There’s nothing special about waterfalls, is there? Almost any stream large enough to appear on a quad has one or two tucked away somewhere. But these are everyday waterfalls. They’re well worth a visit, to be sure, but they’re not likely to take your breath away. The Cataratas do Iguaçu (Iguaçu Falls), on the other hand, are WATERFALLS. Located in the Iguaçu River, on the border between the Brazilian state of Paraná and the Argentine province of Misiones, this U-shaped complex of 300 islands and 200-plus-foot drops dwarfs North America’s Niagara Falls. (“Poor Niagara!” Eleanor Roosevelt is said to have exclaimed on first seeing Iguaçu.)
Despite this, I might have gone to my grave ignorant of the falls’ existence, but for the efforts the indefatigable Marcos Netto, our Southern Hemisphere Correspondent, who recently visited the Parque Nacional das Cataratas do Iguaçu—a World Heritage Site—and sent along some truly spectacular photos to jog me out of my mid-summer torpor.
He certainly succeeded. His first photo was taken well back from the falls proper. It’s what the film trade calls an “establishing shot.” But even at this great distance, Marcos reports that the earth under his feet trembled from the shock of falling water. That’s no surprise. Iguaçu comes from the Guarani words for “big water.” So both the river and the falls are well-named. See for yourself:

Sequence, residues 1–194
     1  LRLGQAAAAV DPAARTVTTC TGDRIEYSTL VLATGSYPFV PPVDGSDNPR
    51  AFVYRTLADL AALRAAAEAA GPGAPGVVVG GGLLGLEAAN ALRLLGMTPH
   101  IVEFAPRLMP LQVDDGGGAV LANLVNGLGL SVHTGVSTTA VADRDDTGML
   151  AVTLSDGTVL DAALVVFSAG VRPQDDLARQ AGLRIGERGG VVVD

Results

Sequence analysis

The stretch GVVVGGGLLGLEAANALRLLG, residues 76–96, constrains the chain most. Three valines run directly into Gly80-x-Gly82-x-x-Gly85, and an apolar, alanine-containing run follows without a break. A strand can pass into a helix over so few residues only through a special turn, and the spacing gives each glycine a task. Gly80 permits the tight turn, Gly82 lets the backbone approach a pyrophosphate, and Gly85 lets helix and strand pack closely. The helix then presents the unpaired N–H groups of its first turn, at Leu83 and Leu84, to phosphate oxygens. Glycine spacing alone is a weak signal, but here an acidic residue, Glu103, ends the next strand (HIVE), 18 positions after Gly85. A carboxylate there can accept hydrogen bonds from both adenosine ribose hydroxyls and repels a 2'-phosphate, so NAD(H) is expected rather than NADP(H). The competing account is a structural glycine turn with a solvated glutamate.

Now let’s move closer:
You can get some idea of the scale from the large riverboats along both shores in the photo above. (Right-click on any image to embiggen it.) There’s another riverboat on the far right in the following shot, too:
And here’s a shot that gives an even better idea of the extent of the waterfall complex:
These aren’t bad for photos taken with a cell phone—a Nokia N8 smartphone, to be exact—are they? But when I said something to this effect, Marcos lost no time in reminding me that it’s the “little piece of hardware behind the shutter” that makes a shot work. And so it is.
Visitors to the national park don’t have to board a riverboat to get a close look at the falls, by the way. Piers let them walk right up to the brink:
It’s wet work, though, so you’d better have a good rain jacket. On the other hand, if the light is right you’ll see a spectacular rainbow:
And we humans aren’t the only visitors:
This is a quati, or ring-tailed coati, a close relative of the North American raccoon.
Of course, even the best still photos can’t really do justice to moving water. So Marcos put his Nokia to work again to capture this short video:
What a place! And thanks to Marcos Netto, you (and I) now know exactly how much catching up little Niagara has to do!
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